Yield Grab Exposes Polish Political Risk Decried by EU, Moody’s

  • Scrutiny of legal system, borrowing binge stall bond rally
  • Moody’s flags political risk before Sept. 9 verdict on rating

Polish political risk is back on the agenda for investors after almost disappearing in the bond market amid a desperate bid for returns.

Yields last month retraced their surge since Law & Justice’s rise to power in October triggered the country’s first-ever downgrade by S&P Global Ratings. The rally is showing signs of fading after borrowing costs climbed nine basis points since Moody’s Investors Service warned Aug. 26 that Poland’s clash with the European Union over democratic values is “credit-negative.”

Polish bonds have been held aloft by a record influx from investors looking to escape negative yields engineered by unprecedented central bank stimulus on almost $10 trillion of sovereign debt. Yet politics are becoming a bigger focus for investors: Michael Hasenstab, the world’s biggest buyer of emerging-market bonds, said this week the rise of nationalism had led him to shift holdings outside of Europe in favor of Latin America. That came months after he cut Polish exposure in his $45 billion fund to a five-year low.

“I would be cautious” to buy Polish debt, said Gabor Nemeth, a money manager who helps oversee about 3 billion euros ($3.3 billion) of assets at Aegon NV’s Hungarian fund unit and is “slightly” underweight Poland relative to benchmarks. Investors who stay in the bonds are exposing themselves to the risk of a widening fiscal deficit, increased international scrutiny of law-making and possible ratings downgrades, he said.

Those risks will be back in focus on Sept. 9 when Moody’s is due to deliver its next review. The nation’s bonds ended a third straight monthly advance in August, with yields falling 11 basis points during the period. Their gains of 2.1 percent since the start of the emerging-market rally two months ago beat the global average.

EU Impasse

The Law & Justice party won the elections in October pledging to stand up to the EU and pursue more nationalistic policies. For its part, the EU is moving ahead with its first-ever probe into the rule-of-law of a member country. A failure to address the bloc’s concerns could end up leaving Poland with no vote on European laws.

At the same time, increased social spending could push the fiscal shortfall toward an EU target of 3 percent of economic output and saddle the country with a larger debt load. The government plans to boost borrowing 22 percent next year to cover child benefits and lower retirement age costs.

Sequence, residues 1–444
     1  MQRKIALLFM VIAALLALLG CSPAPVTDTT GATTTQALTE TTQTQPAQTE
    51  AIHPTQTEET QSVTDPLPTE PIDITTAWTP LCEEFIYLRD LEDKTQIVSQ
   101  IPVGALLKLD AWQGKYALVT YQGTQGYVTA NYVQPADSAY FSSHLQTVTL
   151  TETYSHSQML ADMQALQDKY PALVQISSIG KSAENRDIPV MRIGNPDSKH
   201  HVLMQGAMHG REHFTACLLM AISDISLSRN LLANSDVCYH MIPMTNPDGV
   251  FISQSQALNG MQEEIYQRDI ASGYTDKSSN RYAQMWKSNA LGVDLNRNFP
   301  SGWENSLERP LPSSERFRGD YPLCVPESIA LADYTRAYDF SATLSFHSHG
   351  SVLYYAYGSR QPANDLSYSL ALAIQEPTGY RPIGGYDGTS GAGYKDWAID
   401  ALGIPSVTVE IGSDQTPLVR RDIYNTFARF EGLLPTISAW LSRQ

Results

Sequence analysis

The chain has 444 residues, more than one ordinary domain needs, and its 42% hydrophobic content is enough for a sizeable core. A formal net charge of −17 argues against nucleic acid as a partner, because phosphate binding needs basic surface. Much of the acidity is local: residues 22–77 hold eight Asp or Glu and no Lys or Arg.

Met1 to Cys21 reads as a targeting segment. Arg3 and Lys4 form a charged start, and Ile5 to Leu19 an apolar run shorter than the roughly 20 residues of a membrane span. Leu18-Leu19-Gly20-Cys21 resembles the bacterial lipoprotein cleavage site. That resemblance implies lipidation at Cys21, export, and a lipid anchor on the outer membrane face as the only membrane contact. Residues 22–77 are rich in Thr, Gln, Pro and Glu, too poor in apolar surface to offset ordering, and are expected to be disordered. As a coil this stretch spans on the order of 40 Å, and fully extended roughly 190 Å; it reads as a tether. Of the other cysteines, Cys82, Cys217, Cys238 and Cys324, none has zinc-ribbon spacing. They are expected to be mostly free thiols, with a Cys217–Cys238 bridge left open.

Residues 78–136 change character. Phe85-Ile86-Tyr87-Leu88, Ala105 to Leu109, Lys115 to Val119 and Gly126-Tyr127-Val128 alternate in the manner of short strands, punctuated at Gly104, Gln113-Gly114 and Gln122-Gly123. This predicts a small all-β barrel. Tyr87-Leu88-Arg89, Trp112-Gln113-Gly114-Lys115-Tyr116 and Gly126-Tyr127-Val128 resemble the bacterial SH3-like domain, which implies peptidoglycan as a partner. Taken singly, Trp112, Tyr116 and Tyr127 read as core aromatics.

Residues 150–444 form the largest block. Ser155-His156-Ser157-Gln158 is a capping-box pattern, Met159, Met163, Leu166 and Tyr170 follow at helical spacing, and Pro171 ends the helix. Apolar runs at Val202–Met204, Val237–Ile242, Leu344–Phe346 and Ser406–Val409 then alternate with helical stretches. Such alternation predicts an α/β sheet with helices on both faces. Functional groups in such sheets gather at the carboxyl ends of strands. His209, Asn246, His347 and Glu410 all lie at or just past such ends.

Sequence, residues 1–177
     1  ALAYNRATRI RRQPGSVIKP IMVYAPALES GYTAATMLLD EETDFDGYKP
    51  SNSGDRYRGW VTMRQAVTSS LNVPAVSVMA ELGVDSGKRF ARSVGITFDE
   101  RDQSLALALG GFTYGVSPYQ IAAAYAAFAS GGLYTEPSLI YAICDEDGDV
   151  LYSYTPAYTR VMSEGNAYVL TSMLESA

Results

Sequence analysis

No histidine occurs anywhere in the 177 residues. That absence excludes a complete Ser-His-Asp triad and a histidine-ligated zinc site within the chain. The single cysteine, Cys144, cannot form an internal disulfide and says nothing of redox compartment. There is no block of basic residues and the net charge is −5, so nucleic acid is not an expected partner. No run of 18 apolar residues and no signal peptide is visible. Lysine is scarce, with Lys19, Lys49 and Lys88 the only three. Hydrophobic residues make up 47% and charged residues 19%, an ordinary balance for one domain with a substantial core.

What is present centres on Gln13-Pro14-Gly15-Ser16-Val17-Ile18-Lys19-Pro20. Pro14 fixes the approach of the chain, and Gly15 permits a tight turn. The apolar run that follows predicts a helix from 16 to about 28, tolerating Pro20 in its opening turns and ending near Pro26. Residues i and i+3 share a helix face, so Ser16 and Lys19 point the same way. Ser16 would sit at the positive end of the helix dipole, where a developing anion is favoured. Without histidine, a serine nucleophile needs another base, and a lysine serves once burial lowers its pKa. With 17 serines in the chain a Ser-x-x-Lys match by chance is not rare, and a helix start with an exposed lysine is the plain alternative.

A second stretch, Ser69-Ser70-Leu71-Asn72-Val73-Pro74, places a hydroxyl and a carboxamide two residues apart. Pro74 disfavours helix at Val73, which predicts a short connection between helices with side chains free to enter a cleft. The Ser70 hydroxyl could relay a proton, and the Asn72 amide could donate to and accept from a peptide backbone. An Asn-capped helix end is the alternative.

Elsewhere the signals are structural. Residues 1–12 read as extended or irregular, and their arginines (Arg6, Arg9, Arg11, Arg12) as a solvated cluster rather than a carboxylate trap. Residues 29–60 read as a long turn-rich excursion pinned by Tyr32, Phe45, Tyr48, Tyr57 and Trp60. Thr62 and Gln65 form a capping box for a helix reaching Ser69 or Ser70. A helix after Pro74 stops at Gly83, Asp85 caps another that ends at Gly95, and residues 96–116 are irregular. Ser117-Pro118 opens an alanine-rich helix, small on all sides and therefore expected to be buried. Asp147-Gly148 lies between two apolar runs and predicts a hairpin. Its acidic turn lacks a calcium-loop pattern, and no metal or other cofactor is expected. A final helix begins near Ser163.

For Esther Law, a London-based money manager at Amundi Asset Management, which oversees $1 trillion of assets worldwide, cheaper prices would present a buying opportunity. Yields on 10-year benchmark notes have jumped 12 basis points since the borrowing plan was unveiled at the start of the week, to 2.81 percent Thursday.

Polish government bonds “still look attractive from the real yield perspective, especially in a world of very suppressed global bond yields,” Law said. “The bonds will be attractive if there is a selloff and also no more negative headlines on government policy.”

Foreigners held 35.2 percent of local-currency debt at the end of July, down from a record 40 percent in October, according to Finance Ministry data. Hasenstab’s Templeton Global Bond Fund has slashed its allocations to Poland to 3.6 percent at the end of June from 7.4 percent at the end of the third quarter of 2015.

Nationalist Threat

Political divisions and the rise of nationalism in Europe threaten the euro zone as Germany’s open-door policy to refugees prompts a backlash from other member nations, according to Hasenstab, manager of the Templeton fund.

“Because of the refugee crisis, because of terrorism, because of stagnant economies, the rise of populism, nationalism, the very things that would chip away at the euro-zone project are only going to grow,” Hasenstab said in an interview with Bloomberg TV Tuesday. He didn’t mention Poland specifically.

Even if Moody’s doesn’t downgrade its A2 rating, further warnings about politics may give investors pause. The credit score is two levels above S&P’s BBB+ grade. Polish bond prices may also be hit by speculation the U.S. is preparing to raise interest rates this year, sapping demand for higher-yielding assets.

“Domestic factors on yields such as the budget deficit and rating challenges are now getting a global push from a less dovish Federal Reserve,” said Josef Portelli, a London-based money manager at Invesco Asset Management Ltd., which oversees $258 million of fixed-income assets.

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